Happy endings goddammit
I’ve been talking with a couple of my beta readers on Google+ about queerness and my characters, and I mentioned that a big part of why I read fan fiction is that I want to see queer characters included in stories I love. My friend Bex responded:
What I want is fiction, ANY FICTION, with queer couples having happy endings goddammit.
This sentiment is so perfect I want a framed cross-stitch of it to hang on my wall. YES, YES, A MILLION YES.
Here’s the thing I’ll say over and over again until you are sick of hearing it: fiction matters. Fiction is one of the big ways that we, human beings, explore the world around us. We look to stories to show us what’s out there and what other people see, to offer an escape when real life sucks, and to bond over with our peers. We get invested in fiction for good reason. Seeing people like us in the stories we love is important because it confirms that we are a part of this world, that we matter enough to be written about, and that we’re not alone.
This is why it’s important to have queer characters in fiction. This is why it’s important to have any minority group represented in fiction. The world is a big place, folks. There are a LOT of kinds of people. That we should stick to straight, white, cis-gender men as the character default and treat any other group as a a “special interest” is stupid.
Returning to queer characters in particular – because that’s the bent I’m on today and it’s sort of a pet topic – we’ve seen a lot more of them show up in mainstream books, movies, and TV lately than, say, ten years ago. And that’s awesome! But the representations still so often tend toward treating queerness as an obstacle instead of a character trait. There’s the classic coming out story, there’s the hate crime story, there’s the story of how two boys or girls love each other but their gay love gets them in trouble with the outside world in ways that straight love wouldn’t. These are the dominant narratives I keep seeing. They’re important, but they’re overdone, and so many of them end in tragedy. They’re better than the previous dominant narrative of gay characters as sexless comic relief and a big damn step up from the early cinematic narrative of characters being killed off for even appearing sort of queer, but still.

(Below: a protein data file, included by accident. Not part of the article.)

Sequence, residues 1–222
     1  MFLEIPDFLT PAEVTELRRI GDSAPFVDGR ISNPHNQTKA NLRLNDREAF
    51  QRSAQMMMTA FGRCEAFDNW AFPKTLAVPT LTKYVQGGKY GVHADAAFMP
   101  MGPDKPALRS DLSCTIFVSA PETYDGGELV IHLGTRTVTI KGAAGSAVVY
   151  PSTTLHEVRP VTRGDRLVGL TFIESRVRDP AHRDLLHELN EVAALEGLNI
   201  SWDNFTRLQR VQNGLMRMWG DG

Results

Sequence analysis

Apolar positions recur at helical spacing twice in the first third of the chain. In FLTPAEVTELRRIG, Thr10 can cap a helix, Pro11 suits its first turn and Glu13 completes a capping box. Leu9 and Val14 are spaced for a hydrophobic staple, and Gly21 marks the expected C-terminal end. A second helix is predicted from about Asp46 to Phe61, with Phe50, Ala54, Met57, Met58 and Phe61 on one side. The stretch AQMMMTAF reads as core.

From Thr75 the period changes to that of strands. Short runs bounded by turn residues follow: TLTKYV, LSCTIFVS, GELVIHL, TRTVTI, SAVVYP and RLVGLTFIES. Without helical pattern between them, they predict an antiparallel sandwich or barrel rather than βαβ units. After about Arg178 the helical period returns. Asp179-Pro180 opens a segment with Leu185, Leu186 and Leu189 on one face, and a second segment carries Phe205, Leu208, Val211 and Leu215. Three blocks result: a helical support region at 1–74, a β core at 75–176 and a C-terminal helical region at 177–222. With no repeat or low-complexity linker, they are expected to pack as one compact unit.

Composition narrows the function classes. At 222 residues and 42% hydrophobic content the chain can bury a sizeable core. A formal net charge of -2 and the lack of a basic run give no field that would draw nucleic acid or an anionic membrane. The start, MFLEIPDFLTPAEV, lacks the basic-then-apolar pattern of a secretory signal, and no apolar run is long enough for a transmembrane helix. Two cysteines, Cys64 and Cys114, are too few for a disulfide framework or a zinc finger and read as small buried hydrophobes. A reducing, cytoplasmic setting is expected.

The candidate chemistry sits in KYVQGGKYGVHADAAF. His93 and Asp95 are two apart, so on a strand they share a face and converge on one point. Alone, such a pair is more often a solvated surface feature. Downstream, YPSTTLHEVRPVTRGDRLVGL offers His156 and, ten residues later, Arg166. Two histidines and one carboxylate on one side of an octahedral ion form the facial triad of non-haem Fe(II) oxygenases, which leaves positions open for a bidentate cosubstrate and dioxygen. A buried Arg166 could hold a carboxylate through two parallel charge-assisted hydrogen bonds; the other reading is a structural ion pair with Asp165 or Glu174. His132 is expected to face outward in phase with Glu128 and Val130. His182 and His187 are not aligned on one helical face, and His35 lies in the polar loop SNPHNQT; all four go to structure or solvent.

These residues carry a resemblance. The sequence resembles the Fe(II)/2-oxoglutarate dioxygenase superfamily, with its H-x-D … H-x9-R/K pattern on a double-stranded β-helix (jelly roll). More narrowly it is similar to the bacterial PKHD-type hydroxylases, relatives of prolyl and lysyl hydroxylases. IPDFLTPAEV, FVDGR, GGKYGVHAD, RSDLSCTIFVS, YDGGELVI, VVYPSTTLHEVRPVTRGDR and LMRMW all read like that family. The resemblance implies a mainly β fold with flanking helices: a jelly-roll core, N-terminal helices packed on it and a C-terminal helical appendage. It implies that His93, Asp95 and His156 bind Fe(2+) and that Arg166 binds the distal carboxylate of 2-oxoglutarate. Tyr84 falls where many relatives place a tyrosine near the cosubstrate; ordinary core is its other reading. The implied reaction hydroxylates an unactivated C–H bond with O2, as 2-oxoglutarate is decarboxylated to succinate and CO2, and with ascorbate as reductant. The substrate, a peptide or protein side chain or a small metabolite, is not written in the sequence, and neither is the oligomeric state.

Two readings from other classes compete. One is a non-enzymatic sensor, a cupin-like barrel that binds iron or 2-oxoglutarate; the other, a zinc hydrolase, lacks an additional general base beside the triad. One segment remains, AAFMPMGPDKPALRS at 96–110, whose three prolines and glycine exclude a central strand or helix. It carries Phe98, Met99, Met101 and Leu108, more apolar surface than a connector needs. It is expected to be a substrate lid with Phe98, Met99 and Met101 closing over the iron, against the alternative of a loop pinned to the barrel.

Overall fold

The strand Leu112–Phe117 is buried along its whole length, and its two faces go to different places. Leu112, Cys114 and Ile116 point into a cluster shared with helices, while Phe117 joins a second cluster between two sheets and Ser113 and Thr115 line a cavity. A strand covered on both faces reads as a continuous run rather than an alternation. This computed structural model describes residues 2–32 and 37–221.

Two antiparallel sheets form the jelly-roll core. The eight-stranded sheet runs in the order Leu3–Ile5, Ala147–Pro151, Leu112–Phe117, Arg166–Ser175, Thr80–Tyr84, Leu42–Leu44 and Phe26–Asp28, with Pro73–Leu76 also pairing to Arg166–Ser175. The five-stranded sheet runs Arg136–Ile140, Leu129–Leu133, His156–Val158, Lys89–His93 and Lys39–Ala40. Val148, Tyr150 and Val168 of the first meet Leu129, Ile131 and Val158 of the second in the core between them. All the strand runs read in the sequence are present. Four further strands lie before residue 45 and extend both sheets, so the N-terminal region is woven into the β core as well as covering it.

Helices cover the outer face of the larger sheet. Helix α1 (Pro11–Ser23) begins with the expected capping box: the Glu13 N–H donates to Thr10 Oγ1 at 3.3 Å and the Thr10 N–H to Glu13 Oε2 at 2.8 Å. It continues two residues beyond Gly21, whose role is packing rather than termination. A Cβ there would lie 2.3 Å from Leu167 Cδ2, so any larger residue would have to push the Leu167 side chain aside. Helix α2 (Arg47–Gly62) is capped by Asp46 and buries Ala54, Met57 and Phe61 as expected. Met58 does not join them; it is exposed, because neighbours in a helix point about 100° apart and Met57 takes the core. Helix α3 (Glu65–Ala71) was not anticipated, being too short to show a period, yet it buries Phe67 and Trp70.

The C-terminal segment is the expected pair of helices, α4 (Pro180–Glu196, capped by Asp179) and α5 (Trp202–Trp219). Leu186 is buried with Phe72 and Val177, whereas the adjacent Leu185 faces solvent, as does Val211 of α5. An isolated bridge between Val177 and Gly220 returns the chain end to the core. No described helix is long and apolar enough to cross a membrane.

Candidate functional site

It’s important to see ourselves represented in the stories we love – representation in itself is HUGE – but it’s also important to see ourselves getting a fair shot.
You know what I want to see? I want to see queer characters given the same story arcs as their straight counterparts. I want to see them fall in love, get their hearts broken, and struggle with relationship issues. I want to see characters who are gay, bi, trans, ace, and all the other letters in the alphabet soup given prominent roles where their queerness isn’t their defining quality. I want to see queerness treated as a null trait, like straightness is. And goddammit, yes, I want queer couples to have happy endings, because I don’t just want the stories I love to tell me, “Hey, you aren’t alone” – I want them to tell me, “You aren’t alone, and you deserve happiness just as much as anyone else up here.”
That is not too much to ask.
As a writer, I can promise my beta readers (and with any luck, one day some strangers who pay for my books) that I will always try to tell those kinds of stories. I will include queer characters just because I can. I will write them having adventures and saving the world and getting their hearts broken and glued back together, and unless I feel like I’ve got something new to say about it, I won’t make their queerness an issue.
And I will give them happy endings.